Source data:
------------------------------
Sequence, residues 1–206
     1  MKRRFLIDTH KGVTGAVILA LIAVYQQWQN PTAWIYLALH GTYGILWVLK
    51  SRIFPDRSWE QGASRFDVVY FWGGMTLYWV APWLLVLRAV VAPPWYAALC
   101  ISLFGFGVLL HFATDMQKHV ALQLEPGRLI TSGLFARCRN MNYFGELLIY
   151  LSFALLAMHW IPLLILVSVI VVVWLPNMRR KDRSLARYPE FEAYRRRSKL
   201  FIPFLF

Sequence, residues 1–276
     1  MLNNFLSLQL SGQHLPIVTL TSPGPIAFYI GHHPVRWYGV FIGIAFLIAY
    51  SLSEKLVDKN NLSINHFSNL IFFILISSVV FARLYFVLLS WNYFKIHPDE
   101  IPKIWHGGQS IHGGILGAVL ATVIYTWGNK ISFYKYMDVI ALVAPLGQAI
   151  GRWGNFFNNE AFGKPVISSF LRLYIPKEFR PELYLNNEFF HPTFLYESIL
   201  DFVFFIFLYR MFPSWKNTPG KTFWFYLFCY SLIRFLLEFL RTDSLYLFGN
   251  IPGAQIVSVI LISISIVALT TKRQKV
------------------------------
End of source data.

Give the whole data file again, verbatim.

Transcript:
Sequence, residues 1–206
     1  MKRRFLIDTH KGVTGAVILA LIAVYQQWQN PTAWIYLALH GTYGILWVLK
    51  SRIFPDRSWE QGASRFDVVY FWGGMTLYWV APWLLVLRAV VAPPWYAALC
   101  ISLFGFGVLL HFATDMQKHV ALQLEPGRLI TSGLFARCRN MNYFGELLIY
   151  LSFALLAMHW IPLLILVSVI VVVWLPNMRR KDRSLARYPE FEAYRRRSKL
   201  FIPFLF

Sequence, residues 1–276
     1  MLNNFLSLQL SGQHLPIVTL TSPGPIAFYI GHHPVRWYGV FIGIAFLIAY
    51  SLSEKLVDKN NLSINHFSNL IFFILISSVV FARLYFVLLS WNYFKIHPDE
   101  IPKIWHGGQS IHGGILGAVL ATVIYTWGNK ISFYKYMDVI ALVAPLGQAI
   151  GRWGNFFNNE AFGKPVISSF LRLYIPKEFR PELYLNNEFF HPTFLYESIL
   201  DFVFFIFLYR MFPSWKNTPG KTFWFYLFCY SLIRFLLEFL RTDSLYLFGN
   251  IPGAQIVSVI LISISIVALT TKRQKV